• (216-F-1-Q-W-C) “For me, democracy involves an organization where decision-making power (sovereignty) belongs to each person or the collective (of citizens, of a people, of a class…)”;

    • (130-F-1-Q-W-C) “For me, democracy is a political regime in which the people exercise their sovereignty themselves, where they hold a certain power to make decisions”.

  • No reference to Constitution in Canadian sample (string in US study)

  • Sovereignty holds a special significance for the French-language group

    • could indicate some reference to the sovereignist movement in Quebec

    • or to a more collectivist notion of governance

    • US sample more replete with affirmations of individualism as a presumably logical counter-balance to government.

Theme 2 participation of people especially through voting
Theme 2: themesParticipation of people, especially through voting

  • Participants reiterated the mainstream belief that:

    • “Democracy is one person=one vote. Each citizen has the right and the responsibility to vote” (24-F-1-Q-W-C)

    • “Power is in the hands of the hands of the citizen who exercises his/her right to vote on the services, organizations, rules concerning the direction of his/her country”. (2-F-1-Q-W-C)

  • Although voting was certainly a strong and relevant factor in defining democracy for the Canadian sample, it was not mentioned as frequently or with as much force as it was in the American study, where voting was often construed to equate, as in the comment above by participant 24, the totality of democracy.

Doing democracy a comparative analysis of pre service teacher educators in

Theme 3: Voting for representatives represents themes


  • The Canadian sample, like the American one, emphasized that voting for representatives, who carry out tasks of a democracy, is key to democracy.

    • (53-M-1-Q-W-C) “Democracy is a political system in which all individuals of age in a society, through voting, relegate freely the political power to a person or a group a specific mandate”

    • “Democracy is the possibility to vote for candidates. These candidates should be able to speak on our behalf in the legislative assembly” (64-F-2-Q-W-C)

  • Interesting to note how many participants also hold negative views of these representatives (the term/word “politician” is a pejorative term in some circles).

  • Reference to voting is perhaps emblematic of the normative ways that democracy is portrayed in mainstream media.

  • It also raises questions about how education-students learn about, and are engaged in, democracy throughout their education.

Theme 4 liberty especially freedom of expression
Theme 4: Liberty, especially freedom of themes expression

  • A common refrain expressed in this study is the general notion that:

    • “democracy is about freedom of expression” (211-M-1-Q-W-C),

    • “democracy is freedom of expression. It allows everyone to have an opinion on what is best for themselves and others.” (171-F-1-Q-W-C)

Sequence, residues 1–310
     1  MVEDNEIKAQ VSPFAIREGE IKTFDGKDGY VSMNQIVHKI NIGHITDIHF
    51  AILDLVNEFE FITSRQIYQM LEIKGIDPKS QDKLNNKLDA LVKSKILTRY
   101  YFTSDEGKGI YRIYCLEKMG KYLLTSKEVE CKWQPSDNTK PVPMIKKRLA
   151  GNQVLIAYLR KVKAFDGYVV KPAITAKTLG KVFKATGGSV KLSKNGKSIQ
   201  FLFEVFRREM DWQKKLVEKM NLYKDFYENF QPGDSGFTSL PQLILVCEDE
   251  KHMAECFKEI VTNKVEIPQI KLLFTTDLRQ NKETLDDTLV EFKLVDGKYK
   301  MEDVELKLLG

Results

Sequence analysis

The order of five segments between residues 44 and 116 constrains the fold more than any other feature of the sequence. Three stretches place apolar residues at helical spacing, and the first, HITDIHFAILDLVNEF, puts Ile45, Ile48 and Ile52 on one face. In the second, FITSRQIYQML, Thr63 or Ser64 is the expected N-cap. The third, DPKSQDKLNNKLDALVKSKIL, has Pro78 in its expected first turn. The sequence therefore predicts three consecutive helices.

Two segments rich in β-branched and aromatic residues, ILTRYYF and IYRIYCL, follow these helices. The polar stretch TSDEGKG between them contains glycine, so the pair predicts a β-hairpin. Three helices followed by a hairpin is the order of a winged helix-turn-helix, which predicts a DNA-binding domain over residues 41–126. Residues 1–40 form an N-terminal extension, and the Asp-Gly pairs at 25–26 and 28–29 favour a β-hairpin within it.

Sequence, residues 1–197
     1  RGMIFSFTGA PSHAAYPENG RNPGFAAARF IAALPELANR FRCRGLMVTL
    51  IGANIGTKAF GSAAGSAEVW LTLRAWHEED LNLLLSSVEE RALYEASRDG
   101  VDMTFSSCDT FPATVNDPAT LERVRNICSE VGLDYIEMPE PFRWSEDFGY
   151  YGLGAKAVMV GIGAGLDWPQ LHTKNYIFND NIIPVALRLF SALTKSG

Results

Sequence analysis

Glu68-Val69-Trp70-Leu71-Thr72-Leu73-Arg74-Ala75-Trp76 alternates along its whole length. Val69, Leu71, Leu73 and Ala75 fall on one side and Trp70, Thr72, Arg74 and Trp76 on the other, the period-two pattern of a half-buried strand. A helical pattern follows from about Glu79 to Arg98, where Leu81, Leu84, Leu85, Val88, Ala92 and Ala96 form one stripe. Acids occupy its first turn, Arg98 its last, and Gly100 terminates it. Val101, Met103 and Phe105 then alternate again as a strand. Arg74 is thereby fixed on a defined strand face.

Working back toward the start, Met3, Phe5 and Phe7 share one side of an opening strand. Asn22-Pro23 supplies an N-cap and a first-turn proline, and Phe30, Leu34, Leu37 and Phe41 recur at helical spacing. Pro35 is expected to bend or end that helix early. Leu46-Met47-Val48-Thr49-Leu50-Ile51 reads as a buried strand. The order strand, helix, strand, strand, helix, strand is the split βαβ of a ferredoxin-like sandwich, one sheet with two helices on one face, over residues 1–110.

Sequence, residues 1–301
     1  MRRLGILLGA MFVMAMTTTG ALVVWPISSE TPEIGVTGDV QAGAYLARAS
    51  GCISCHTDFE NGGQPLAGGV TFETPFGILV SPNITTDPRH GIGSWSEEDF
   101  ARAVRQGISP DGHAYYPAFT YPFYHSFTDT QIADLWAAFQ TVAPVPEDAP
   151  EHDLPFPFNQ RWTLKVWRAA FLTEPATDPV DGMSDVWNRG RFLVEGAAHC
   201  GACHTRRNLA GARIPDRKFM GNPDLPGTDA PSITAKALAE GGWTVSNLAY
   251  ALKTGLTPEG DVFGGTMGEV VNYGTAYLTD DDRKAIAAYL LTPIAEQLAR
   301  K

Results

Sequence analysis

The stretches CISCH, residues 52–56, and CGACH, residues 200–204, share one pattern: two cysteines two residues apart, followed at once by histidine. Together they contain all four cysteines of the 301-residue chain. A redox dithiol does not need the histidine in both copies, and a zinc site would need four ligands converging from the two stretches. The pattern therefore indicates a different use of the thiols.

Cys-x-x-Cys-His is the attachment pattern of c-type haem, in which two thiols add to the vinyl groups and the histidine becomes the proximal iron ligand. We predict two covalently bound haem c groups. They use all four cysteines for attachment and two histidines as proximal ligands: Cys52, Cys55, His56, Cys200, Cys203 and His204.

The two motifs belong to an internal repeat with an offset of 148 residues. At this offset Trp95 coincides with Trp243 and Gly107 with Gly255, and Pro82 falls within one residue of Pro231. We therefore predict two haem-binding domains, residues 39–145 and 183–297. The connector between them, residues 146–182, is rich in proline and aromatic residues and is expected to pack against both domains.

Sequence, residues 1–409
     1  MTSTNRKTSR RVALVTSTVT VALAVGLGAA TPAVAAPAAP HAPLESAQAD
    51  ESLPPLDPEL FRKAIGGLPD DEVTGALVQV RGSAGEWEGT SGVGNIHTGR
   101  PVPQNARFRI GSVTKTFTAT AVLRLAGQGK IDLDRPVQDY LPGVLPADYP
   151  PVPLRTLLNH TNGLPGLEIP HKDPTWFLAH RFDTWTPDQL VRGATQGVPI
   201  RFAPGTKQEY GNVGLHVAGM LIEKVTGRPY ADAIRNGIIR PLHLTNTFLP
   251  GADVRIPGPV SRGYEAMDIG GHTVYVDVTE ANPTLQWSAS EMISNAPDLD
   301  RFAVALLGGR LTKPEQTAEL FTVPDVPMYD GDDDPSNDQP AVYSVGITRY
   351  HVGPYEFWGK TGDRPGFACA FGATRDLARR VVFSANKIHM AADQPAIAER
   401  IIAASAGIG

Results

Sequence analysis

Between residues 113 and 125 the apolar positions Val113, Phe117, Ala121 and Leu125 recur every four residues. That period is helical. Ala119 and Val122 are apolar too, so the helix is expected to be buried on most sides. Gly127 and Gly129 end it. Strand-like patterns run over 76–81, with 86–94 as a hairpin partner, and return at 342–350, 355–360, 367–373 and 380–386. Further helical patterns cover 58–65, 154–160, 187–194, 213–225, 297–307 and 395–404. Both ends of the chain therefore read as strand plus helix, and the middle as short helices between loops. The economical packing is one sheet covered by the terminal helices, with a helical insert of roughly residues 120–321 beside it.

• This theme was equally highlighted by the US sample, and echoes a common sentiment enunciated by political elites.

  • While noting that the principle of freedom of expression or other types of freedoms was integral, a critical assessment of how these freedoms are constituted or manifested themselves was not as evident.

  • As in the American sample, it is important to problematize such statements to determine their non-neutral and highly political connotations. For example, do all people have the same freedoms, the same access to power, the same ability to influence public debate, and the same interest in achieving social justice?

Theme 5 majority rule is the key principle in democracy
Theme 5: Majority rule is the key principle in themes democracy

  • The contention that majority rule constitutes democracy was prevalent in both studies.

    • “(Democracy) is a political system that is based on majority rule” (56-M-4-Q CA-VM-Car)

    • “Democracy can be translated into the will of the majority population in relation to laws and political decisions” (102-M-1-Q-W-C).

  • More prevalent in the US sample; given the reality and sanctity of minority rights in Canada, this contention leads to many questions.

  • For example, who is the minority?

    • the French-speaking Quebecois within the Canadian context?, or

    • ethnocultural and racial minorities within the Quebecois context?

  • How are minorities protected if it is up to the majority to decide what laws will be passed (for example, in relation to protection for gays and lesbians, against racism, for equal rights for persons with disabilities, etc.)?

Theme 6 democracy is better system than what exists elsewhere
Theme 6: themesDemocracy is better system than what exists elsewhere

  • A few participants noted that Canada was democratic because other countries are not  normative value of democracy.

    • (181-F-2-Q-W-C) commented that “We are lucky to be in a democratic country because some countries in the world are not”

    • (36-F-1-Q-W-C) “Despite the shortcomings in our system, we are quite developed compared to totalitarian systems that some countries unfortunately have”.

  • US study: participants had not, generally, studied or experienced other systems; little evidence provided to justify this statement.

  • Issue of what students learn and should learn about diverse contexts, and also the normative values without critical assessment.

  • How do we substantiate the contention that North America is more democratic for those who have been marginalized (i.e., Aboriginal peoples)?

Theme 7 critical perspectives on democracy
Theme 7: themesCritical perspectives on democracy